Deal for stadium called dead


The deal to buy land west of Interstate 15 for a three-stadium sports complex has collapsed, ending a Texas developer's plans for the $1.95 billion project across from Mandalay Bay.

John Knott, executive vice president of the CB Richard Ellis Global Gaming Group, who was brokering the deal, said Wednesday the 63-acre sale to Christopher Milam had been canceled.

"The discussions ended. It's not happening," Knott said, blaming the collapse on the Nevada Legislature's failure to approve a bill that would have allowed Clark County to create a special taxing district for one of three alternate and competing Las Vegas stadium projects.

The special taxing district would have allowed a 12 percent event sales tax to help pay for construction.

"It's unfortunate that the state did this and let the bill die," Knott said. "This was a tremendous project. But the legislation was needed to complete the deal."

Lawmakers raised concerns about stadium financing and said they lacked time to iron out problems in the bill, which was introduced late in the session.

The 63 acres are owned by a consortium of banks that obtained the land through a foreclosure. Milam previously said he had a signed sales agreement and had made a nonrefundable deposit. Neither he nor his representatives could be reached for comment Wednesday.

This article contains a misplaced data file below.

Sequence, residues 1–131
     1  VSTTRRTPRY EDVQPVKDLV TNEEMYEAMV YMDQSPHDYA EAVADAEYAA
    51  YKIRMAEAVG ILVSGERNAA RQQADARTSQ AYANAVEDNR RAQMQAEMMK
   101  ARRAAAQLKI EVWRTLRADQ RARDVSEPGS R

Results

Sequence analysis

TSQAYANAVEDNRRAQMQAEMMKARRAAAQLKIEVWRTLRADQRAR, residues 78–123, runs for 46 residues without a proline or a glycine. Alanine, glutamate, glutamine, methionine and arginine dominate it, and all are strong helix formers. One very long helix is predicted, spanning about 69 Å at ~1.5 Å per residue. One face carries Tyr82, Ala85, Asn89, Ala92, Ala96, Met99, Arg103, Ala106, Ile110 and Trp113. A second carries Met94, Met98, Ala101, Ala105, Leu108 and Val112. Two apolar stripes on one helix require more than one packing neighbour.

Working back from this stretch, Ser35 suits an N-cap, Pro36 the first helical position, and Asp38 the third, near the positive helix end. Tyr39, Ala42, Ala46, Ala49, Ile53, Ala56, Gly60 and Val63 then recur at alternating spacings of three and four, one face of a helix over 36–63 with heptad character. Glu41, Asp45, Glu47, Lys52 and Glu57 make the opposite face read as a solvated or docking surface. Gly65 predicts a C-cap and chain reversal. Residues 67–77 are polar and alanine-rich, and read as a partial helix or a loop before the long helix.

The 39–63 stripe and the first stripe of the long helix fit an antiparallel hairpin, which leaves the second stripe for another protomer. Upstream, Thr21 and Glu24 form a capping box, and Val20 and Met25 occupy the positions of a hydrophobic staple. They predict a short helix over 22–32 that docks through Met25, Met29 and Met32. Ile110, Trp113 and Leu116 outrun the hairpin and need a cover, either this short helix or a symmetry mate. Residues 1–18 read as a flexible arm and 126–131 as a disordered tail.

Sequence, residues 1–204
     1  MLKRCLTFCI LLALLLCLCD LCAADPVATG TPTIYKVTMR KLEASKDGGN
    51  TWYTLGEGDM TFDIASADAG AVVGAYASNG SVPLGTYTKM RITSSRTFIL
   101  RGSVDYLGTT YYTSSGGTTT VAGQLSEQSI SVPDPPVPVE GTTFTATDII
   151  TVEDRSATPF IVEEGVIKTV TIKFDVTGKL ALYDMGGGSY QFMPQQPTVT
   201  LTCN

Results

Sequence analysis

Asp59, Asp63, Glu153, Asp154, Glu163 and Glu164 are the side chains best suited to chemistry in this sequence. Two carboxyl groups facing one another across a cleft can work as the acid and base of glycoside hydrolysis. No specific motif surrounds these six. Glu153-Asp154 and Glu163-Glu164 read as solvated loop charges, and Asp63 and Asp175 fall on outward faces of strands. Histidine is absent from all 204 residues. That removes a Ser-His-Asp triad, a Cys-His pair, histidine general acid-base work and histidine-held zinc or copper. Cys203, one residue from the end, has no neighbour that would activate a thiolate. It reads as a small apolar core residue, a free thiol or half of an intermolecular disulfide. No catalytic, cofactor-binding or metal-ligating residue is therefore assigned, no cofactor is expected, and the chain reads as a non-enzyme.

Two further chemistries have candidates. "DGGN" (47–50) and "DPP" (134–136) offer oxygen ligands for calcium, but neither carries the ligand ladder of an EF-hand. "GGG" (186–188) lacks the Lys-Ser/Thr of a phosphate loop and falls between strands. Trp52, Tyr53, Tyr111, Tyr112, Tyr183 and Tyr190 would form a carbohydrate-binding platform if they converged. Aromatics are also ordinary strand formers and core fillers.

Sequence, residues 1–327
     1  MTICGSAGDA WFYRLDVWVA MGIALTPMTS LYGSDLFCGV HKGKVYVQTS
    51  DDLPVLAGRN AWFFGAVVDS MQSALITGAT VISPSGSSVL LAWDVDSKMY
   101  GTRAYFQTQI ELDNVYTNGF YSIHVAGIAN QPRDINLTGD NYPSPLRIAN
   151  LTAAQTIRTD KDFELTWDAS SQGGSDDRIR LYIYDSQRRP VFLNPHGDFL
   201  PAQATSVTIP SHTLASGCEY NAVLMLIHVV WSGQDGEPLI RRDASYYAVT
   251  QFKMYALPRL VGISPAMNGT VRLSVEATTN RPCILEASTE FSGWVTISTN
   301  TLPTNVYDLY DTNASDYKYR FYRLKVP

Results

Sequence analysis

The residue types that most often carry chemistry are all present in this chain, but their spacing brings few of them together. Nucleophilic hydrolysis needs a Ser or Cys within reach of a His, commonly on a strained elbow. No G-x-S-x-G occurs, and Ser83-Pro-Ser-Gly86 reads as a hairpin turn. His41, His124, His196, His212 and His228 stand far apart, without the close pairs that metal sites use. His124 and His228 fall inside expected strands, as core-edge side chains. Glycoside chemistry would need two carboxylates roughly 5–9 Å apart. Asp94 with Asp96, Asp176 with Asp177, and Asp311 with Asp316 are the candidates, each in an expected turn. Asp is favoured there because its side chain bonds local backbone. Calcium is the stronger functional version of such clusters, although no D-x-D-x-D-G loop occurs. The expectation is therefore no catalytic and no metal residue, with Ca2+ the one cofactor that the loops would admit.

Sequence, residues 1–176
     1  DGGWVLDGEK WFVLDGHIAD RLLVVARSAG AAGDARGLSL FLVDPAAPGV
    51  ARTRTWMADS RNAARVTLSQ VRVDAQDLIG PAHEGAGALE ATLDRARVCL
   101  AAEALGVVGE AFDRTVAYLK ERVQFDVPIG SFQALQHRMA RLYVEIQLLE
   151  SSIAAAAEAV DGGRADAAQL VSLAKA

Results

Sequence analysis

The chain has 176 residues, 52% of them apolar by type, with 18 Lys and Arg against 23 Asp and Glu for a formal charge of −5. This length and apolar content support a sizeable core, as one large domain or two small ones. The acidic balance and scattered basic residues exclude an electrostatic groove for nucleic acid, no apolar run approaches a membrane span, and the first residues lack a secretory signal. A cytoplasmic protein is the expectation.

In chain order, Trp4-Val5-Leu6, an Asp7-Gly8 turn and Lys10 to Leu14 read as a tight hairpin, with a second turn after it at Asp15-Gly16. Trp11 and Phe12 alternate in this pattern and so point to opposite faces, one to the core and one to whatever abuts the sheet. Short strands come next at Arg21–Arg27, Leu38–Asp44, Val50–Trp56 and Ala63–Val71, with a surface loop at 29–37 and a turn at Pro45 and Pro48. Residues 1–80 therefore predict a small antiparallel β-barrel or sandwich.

Last month, Milam told the Review-Journal his project couldn't be done without a special taxing district.

Milam's group, International Development Management, planned a 36,000-seat stadium for a Major League Soccer franchise, a 17,500-seat arena for an NBA basketball team, and a 9,000-seat baseball park for the Triple A Las Vegas 51s, which Milam was to purchase.

The status of the 51s sale was unclear Wednesday. Milam, who reportedly went home to Texas after the Legislature adjourned, said last month that his 51s deal would die without the new stadium.

"I can't pay what I agreed to pay for the 51s and leave them at Cashman Field," Milam said.

Don Logan, the former 51s general manager who helped negotiate the team's sale, said Wednesday that Milam's intention was to close the deal to purchase the 51s and consider "Plan B" for a stadium site, although no location has been selected.

He said Milam paid a "significant" nonrefundable deposit for the 51s.

The 63 acres for Milam's project was valued at $15 million to $20 million per acre in 2005. It is zoned for a hotel-casino, and is also the preferred station site for the $4 billion DesertXpress, a high-speed train connecting Las Vegas and Victorville, Calif.

Contact reporter Howard Stutz at hstutz@reviewjournal.com or 702-477-3871. Follow @howardstutz on Twitter.

 

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